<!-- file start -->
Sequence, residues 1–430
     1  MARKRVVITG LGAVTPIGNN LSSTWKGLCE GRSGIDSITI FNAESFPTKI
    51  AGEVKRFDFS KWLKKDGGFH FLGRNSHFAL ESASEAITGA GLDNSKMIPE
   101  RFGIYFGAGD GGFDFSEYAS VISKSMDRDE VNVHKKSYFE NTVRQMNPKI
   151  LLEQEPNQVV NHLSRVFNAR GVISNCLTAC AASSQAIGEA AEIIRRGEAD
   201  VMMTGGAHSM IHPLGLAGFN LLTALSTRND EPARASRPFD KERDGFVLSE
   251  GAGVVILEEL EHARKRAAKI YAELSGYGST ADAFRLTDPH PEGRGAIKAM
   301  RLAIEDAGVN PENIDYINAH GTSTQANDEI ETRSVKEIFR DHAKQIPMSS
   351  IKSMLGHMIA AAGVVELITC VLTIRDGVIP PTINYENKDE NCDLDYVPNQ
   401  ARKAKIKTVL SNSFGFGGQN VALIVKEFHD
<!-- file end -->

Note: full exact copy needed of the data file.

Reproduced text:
Sequence, residues 1–430
     1  MARKRVVITG LGAVTPIGNN LSSTWKGLCE GRSGIDSITI FNAESFPTKI
    51  AGEVKRFDFS KWLKKDGGFH FLGRNSHFAL ESASEAITGA GLDNSKMIPE
   101  RFGIYFGAGD GGFDFSEYAS VISKSMDRDE VNVHKKSYFE NTVRQMNPKI
   151  LLEQEPNQVV NHLSRVFNAR GVISNCLTAC AASSQAIGEA AEIIRRGEAD
   201  VMMTGGAHSM IHPLGLAGFN LLTALSTRND EPARASRPFD KERDGFVLSE
   251  GAGVVILEEL EHARKRAAKI YAELSGYGST ADAFRLTDPH PEGRGAIKAM
   301  RLAIEDAGVN PENIDYINAH GTSTQANDEI ETRSVKEIFR DHAKQIPMSS
   351  IKSMLGHMIA AAGVVELITC VLTIRDGVIP PTINYENKDE NCDLDYVPNQ
   401  ARKAKIKTVL SNSFGFGGQN VALIVKEFHD